I want providers to feel confident referring patients to us. We are set up to take care of all benign and malignant bone and soft tissue tumors with a comprehensive team. The oncology program at CHOC is a dedicated group of multidisciplinary providers, including oncology, pediatric surgery, radiation oncology, interventional radiology, radiology and pathology. We meet weekly at our oncology tumor board meeting to discuss complex cases, ensuring we can provide up-to-date, cutting-edge treatment. We are fully equipped as a sarcoma team to manage all malignant bone and soft tissue tumors, and we all focus specifically on pediatrics.
What inspires you most about the care being delivered here at CHOC?
The various providers and patients inspire me. I am constantly impressed by the dedication of the nurses, physicians, child life specialists and countless other staff who work so hard. Taking care of pediatric patients, seeing their strength and witnessing them overcome their challenges is incredible.
If you weren’t a physician, what would you be and why?
I would open a small restaurant – I have always loved cooking, especially outdoors. One of the things I love most about my current job is talking to and getting to know my patients and their families. I think that the restaurant world might offer similar rewarding interactions with people, like chatting with regulars over the years, all while making delicious food.
What are your hobbies and interests outside of work?
I enjoy outdoor activities like camping and fishing, and have recently been trying to interest my kids, ages 3 and 7, in these hobbies as well. We’ve also taken up gardening as a family, and we are always ready for a good barbecue or soccer match.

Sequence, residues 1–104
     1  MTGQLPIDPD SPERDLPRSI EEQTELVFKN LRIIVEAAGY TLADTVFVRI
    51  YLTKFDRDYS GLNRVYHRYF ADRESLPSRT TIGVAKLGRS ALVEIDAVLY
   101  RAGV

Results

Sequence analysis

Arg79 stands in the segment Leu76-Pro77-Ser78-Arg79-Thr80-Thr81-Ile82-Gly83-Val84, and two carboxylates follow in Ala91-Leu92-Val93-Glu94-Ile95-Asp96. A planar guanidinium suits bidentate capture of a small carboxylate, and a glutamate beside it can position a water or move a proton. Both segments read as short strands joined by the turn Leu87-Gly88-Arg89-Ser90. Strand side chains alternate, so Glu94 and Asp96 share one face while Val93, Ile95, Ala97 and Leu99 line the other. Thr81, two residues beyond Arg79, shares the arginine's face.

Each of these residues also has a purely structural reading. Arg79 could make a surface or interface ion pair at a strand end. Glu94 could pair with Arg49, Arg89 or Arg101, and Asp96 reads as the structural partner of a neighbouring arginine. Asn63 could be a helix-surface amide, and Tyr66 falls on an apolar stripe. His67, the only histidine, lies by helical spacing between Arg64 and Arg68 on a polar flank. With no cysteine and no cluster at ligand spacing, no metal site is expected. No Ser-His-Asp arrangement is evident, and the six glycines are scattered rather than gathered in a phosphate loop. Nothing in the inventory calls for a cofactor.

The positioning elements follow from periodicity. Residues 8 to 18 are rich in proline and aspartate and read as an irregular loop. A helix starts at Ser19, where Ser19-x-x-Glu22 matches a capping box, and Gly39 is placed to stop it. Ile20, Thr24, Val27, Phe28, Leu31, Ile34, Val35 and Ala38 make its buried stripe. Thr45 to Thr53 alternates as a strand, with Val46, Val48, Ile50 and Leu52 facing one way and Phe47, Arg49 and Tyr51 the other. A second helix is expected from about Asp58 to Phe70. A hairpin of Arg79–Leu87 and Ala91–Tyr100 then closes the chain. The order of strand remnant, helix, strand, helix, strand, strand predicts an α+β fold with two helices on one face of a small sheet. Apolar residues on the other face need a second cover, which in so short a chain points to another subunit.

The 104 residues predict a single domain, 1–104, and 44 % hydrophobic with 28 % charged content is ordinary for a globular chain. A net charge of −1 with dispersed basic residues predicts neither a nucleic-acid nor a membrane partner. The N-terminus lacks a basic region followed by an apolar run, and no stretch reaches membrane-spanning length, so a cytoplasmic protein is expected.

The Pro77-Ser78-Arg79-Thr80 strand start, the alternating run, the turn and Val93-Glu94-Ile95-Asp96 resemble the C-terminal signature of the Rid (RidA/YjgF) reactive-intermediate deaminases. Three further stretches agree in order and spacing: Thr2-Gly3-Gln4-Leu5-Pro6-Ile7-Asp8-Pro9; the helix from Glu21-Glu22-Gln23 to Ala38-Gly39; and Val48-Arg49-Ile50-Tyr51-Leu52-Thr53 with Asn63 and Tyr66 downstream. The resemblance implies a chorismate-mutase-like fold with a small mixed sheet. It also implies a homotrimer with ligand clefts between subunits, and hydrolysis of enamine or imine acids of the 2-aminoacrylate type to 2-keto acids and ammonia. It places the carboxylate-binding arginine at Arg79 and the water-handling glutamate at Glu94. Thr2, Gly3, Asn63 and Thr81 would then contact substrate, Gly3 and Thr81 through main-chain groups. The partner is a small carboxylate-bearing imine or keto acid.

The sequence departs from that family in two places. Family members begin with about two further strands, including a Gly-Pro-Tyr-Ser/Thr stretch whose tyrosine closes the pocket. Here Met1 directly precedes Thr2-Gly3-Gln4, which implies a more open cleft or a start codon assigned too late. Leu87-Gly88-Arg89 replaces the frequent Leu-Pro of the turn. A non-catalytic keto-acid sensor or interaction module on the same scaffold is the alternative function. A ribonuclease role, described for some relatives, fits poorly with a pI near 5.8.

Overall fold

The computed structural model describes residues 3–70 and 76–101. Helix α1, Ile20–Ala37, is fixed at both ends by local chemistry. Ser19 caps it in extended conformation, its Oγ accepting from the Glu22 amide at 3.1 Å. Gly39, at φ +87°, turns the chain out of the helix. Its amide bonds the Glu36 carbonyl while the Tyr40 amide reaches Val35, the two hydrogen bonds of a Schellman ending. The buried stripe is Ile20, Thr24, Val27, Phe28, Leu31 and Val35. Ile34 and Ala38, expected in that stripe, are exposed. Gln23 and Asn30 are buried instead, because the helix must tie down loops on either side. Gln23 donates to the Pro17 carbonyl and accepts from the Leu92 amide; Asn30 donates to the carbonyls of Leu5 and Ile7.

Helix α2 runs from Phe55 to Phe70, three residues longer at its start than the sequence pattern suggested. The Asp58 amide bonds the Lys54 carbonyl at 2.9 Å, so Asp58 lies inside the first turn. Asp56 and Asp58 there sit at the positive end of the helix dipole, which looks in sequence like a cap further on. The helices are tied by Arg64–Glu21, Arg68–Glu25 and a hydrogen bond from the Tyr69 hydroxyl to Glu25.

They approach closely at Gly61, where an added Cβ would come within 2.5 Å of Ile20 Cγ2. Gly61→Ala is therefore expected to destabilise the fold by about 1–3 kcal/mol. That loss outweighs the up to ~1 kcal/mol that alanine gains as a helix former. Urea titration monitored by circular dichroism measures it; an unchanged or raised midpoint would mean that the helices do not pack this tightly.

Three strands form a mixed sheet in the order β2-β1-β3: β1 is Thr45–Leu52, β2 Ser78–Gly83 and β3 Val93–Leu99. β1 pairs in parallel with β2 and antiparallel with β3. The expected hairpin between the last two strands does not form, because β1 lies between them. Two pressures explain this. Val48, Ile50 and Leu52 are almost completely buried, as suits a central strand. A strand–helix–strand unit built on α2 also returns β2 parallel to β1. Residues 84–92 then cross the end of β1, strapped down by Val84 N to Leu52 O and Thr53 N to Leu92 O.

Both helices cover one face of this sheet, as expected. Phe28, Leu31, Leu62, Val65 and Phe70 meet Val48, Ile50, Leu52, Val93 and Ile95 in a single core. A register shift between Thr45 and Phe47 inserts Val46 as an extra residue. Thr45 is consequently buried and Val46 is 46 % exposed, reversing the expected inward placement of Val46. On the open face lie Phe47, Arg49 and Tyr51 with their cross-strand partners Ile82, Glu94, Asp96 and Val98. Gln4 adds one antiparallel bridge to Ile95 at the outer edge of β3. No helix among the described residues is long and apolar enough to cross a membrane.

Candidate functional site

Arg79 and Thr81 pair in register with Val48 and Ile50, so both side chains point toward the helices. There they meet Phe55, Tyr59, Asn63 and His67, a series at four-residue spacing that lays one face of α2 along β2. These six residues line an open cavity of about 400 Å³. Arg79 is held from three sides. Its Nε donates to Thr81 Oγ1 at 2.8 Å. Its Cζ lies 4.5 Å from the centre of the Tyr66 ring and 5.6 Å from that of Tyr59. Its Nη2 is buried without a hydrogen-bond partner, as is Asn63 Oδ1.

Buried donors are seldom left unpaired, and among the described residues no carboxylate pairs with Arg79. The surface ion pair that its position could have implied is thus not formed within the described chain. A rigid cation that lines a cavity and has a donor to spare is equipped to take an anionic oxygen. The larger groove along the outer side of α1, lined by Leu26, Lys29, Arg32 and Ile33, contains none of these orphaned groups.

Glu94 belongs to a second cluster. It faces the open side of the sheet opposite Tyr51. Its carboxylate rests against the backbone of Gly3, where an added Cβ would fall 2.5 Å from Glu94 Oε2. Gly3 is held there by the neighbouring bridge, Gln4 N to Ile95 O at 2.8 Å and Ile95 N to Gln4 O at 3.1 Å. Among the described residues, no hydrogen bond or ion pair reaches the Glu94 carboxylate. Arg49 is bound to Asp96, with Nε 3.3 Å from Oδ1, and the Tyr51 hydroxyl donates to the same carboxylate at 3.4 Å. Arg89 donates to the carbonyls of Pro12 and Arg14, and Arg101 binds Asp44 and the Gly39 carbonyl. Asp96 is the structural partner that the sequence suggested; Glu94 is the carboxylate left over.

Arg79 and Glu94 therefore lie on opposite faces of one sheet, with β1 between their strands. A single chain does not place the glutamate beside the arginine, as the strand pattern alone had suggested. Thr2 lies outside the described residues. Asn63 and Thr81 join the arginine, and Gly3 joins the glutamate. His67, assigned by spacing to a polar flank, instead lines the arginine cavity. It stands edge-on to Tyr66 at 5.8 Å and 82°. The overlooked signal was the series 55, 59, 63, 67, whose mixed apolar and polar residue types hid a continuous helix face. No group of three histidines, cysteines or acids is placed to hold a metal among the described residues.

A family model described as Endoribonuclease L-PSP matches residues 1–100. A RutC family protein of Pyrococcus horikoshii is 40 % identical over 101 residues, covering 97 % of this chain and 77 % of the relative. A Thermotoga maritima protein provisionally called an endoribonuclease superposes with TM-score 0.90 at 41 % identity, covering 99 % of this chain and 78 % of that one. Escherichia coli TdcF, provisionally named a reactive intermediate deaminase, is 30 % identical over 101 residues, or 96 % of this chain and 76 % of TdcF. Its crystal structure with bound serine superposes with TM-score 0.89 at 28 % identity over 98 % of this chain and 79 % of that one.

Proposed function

What have you learned from your patients?
I’ve learned that life is a marathon, not a sprint. It is a joy to watch kids heal after surgery, and to then see them months or years later recovered and back to life. They have also taught me some practical things to keep me plugged in to what is cool and trendy. Recently I was educated about TikTok and some of its popular personalities – one patient suggested I even make a TikTok profile and start showing off some of my dance moves.
A year ago, Jenae Vancura joined an elite group of college and high school students for a unique and innovative summer internship program at CHOC Children’s. The interns shadowed physicians, joined doctors on their rounds and attended meetings with a wide range of professionals in the medical field.
“But this year is a little different,” Jenae says.
Now in its eighth year, the internship has been effectively reimagined as a virtual program, a pivot quickly executed at the onset of the global coronavirus pandemic.